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I'm wondering what sorts of things should be checked when using eval() in PHP to parse a formula that is entered by a user filling out a form. I've seen lots of answers about eval(), but not all of them seem to agree.

Here's what I've gathered:

  • Don't use eval for strings (this could be a problem, since it is a formula I need to parse)
  • Strip the input coming from the form (I'm not entirely sure what things I need to strip)
  • Eval may or may not be evil, and is a security risk (are there alternatives for parsing an equation in a string?)

What do you folks think I should do?

EDIT: I tried the eval method, and while it does work, the sanitation I used did not support more than two operands. Since I really don't feel like writing my own (possibly insecure) sanitation regex, I'm just going to find and use a pre-written math class instead. Thanks to everyone for the suggestions!

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3  
What kind of formula? A PHP formula? Can you give examples of the possible formulas? –  PhpMyCoder Jun 17 '12 at 1:23
1  
For mathematical expressions, you could probably run input against a regex like ^[0-9-+/\*%\^\(\) ]+$. This will allow for mathematical expressions like 1 - (2 * 3 + 1 / (2 ^ (11 % 4))) but won't allow for $, characters, underscores, ::, ->, etc. which prevents the use of variables, functions, and classes. –  PhpMyCoder Jun 17 '12 at 1:34
    
An example of the expected formula would be "%U%+%B%-%P%", where anything inside of percent signs is a number loaded by the server. –  Brandon J. Dusseau Jun 17 '12 at 1:37
    
What operations are allowed? Standard math? +-*/%() –  PhpMyCoder Jun 17 '12 at 1:39
    
Further, your post is very helpful. I can run a check against this regex when I check to see if the formulas are valid, then use the method described below by sachleen at parse time. Thank you! –  Brandon J. Dusseau Jun 17 '12 at 1:42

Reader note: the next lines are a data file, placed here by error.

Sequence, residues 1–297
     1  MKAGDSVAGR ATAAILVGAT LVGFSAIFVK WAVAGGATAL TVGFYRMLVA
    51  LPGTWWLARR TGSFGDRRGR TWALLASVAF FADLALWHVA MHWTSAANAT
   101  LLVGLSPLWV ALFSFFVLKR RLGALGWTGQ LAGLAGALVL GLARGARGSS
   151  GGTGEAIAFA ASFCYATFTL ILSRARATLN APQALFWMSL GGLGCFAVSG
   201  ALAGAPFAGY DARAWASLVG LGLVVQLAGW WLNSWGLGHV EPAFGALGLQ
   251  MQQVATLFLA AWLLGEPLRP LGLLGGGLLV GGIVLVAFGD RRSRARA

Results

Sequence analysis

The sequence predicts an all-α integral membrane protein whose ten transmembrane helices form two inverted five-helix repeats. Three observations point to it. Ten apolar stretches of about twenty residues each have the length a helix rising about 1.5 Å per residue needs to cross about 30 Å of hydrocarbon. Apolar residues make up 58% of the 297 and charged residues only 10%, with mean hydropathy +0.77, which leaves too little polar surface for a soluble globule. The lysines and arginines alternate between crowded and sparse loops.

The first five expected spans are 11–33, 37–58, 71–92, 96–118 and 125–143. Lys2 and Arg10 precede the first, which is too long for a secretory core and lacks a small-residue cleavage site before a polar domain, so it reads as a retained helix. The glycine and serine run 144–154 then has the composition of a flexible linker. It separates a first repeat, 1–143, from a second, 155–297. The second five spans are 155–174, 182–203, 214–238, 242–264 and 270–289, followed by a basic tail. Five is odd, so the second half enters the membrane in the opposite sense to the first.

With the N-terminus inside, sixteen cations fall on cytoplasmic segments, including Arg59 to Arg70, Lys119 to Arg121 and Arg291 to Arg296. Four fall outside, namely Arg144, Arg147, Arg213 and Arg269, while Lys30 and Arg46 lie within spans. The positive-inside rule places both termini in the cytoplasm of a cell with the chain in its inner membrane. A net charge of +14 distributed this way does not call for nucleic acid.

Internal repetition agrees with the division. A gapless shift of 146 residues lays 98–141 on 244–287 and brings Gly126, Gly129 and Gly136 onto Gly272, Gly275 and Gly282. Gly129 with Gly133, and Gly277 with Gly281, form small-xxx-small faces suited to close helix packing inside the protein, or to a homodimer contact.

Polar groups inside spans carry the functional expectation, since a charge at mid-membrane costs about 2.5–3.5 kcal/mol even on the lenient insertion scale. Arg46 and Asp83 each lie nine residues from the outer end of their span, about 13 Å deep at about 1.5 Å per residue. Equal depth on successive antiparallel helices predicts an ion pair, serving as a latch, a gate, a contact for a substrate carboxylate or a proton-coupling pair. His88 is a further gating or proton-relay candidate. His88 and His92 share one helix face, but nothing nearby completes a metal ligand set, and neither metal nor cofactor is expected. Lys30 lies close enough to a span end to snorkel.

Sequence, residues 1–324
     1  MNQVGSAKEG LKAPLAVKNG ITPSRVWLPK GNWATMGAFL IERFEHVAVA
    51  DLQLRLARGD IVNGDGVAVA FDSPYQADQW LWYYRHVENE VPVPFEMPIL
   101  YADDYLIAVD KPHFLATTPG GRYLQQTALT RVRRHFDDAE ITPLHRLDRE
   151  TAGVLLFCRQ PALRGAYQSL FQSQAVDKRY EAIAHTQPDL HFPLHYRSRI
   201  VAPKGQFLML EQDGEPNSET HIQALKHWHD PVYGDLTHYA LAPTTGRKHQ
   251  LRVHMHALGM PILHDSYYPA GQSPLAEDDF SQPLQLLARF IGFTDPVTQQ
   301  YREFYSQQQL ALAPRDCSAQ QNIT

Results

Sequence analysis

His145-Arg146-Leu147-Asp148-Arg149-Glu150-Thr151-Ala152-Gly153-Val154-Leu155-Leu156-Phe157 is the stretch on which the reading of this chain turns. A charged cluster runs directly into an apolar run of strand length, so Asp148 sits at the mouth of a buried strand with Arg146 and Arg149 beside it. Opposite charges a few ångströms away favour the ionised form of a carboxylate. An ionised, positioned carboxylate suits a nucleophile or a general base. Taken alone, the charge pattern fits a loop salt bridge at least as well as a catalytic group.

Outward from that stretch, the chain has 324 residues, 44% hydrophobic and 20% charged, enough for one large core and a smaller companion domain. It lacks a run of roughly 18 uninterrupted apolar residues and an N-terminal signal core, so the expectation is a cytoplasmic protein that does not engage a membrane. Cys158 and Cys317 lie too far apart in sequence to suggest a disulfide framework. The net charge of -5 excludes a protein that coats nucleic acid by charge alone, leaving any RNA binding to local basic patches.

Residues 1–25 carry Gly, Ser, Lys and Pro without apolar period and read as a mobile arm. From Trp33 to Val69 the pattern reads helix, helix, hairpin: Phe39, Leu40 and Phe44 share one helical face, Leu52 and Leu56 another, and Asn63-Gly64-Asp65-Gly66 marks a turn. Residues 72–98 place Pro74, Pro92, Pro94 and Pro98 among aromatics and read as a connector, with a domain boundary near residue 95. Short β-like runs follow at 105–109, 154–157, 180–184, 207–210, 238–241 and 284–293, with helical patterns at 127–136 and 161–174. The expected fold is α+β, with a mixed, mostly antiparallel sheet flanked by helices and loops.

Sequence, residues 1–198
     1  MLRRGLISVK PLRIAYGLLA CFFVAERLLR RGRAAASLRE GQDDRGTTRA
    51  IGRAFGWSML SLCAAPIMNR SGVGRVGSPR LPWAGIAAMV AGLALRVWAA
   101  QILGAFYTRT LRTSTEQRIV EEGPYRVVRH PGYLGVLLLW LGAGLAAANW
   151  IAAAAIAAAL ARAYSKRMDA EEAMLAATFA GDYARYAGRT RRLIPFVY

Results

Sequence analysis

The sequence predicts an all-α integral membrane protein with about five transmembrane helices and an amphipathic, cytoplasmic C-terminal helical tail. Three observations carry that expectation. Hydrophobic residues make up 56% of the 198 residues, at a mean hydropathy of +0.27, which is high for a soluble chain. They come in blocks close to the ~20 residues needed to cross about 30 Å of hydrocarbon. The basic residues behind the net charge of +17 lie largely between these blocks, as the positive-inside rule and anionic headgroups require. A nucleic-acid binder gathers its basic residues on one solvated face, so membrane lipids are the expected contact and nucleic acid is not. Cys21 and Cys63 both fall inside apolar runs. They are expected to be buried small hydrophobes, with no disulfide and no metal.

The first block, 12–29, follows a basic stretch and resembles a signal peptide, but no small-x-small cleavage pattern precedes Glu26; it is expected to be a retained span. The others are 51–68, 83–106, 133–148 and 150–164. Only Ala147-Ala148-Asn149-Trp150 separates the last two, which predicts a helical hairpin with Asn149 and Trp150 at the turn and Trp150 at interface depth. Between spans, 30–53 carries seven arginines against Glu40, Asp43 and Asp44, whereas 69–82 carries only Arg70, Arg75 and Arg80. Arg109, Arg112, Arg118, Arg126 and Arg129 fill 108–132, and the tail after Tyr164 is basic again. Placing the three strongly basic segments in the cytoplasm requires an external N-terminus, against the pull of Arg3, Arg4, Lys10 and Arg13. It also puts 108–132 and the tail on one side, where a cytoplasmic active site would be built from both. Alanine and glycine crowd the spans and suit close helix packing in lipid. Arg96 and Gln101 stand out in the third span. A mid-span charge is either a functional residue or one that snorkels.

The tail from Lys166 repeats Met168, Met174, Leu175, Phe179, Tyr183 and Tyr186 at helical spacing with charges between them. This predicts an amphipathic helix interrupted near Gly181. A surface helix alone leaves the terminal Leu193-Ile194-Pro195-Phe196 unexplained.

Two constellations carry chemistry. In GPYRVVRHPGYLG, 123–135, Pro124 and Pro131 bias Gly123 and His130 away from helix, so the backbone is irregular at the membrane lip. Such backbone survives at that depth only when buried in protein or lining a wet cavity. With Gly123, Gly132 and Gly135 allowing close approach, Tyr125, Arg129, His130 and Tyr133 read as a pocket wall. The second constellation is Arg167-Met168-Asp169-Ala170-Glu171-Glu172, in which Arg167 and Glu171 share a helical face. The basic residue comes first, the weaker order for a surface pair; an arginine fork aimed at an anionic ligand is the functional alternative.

3 Answers 3

up vote 3 down vote accepted

If you must use eval, the eval docs page on it has some code that will allow you to filter mathematical formulas. But as others, and the PHP docs page, have said, it's not a good idea to use eval unless there is no other alternative.

<?php

$test = '2+3*pi';

// Remove whitespaces
$test = preg_replace('/\s+/', '', $test);

$number = '(?:\d+(?:[,.]\d+)?|pi|π)'; // What is a number
$functions = '(?:sinh?|cosh?|tanh?|abs|acosh?|asinh?|atanh?|exp|log10|deg2rad|rad2deg|sqrt|ceil|floor|round)'; // Allowed PHP functions
$operators = '[+\/*\^%-]'; // Allowed math operators
$regexp = '/^(('.$number.'|'.$functions.'\s*\((?1)+\)|\((?1)+\))(?:'.$operators.'(?2))?)+$/'; // Final regexp, heavily using recursive patterns

if (preg_match($regexp, $q))
{
    $test = preg_replace('!pi|π!', 'pi()', $test); // Replace pi with pi function
    eval('$result = '.$test.';');
}
else
{
    $result = false;
}

?>
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A formula would look something like "%U%+%B%-%P%", and the server would load numbers in place of the %x% elements. The method you described above (sans some of the bits that aren't needed) would work well. –  Brandon J. Dusseau Jun 17 '12 at 1:38
    
Thanks for your suggestion! I'm going to put it to use now. –  Brandon J. Dusseau Jun 17 '12 at 2:01

Using EVAL on user input is an excellent way to get your server compromised. Don't.

The acceptable method is to parse the expression, so you understand every element of it, and then evaluate the expression you parsed. For mathematical expressions, you can probably find a trusted package that does just this.

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Thanks for your suggestion! –  Brandon J. Dusseau Jun 17 '12 at 2:01

eval is always dangerous. As soon as you start blacklisting (filtering), people will find ways to circumvent the assumptions you make in your filter logic. Whitelisting valid expressions is a safer way to go.

But the most effective way to safeguard against somebody abusing the functionality is probably to write a proper parser for mathematical expressions. If the formulas you'd like to support are not too complicated, it's not even that much of a deal if you use a simple top down recursive descent parser approach. This answer has some references to get you started. There's also this article that develops a recursive descent parser for a simple calculator (unfortunately, it's in Java, though).

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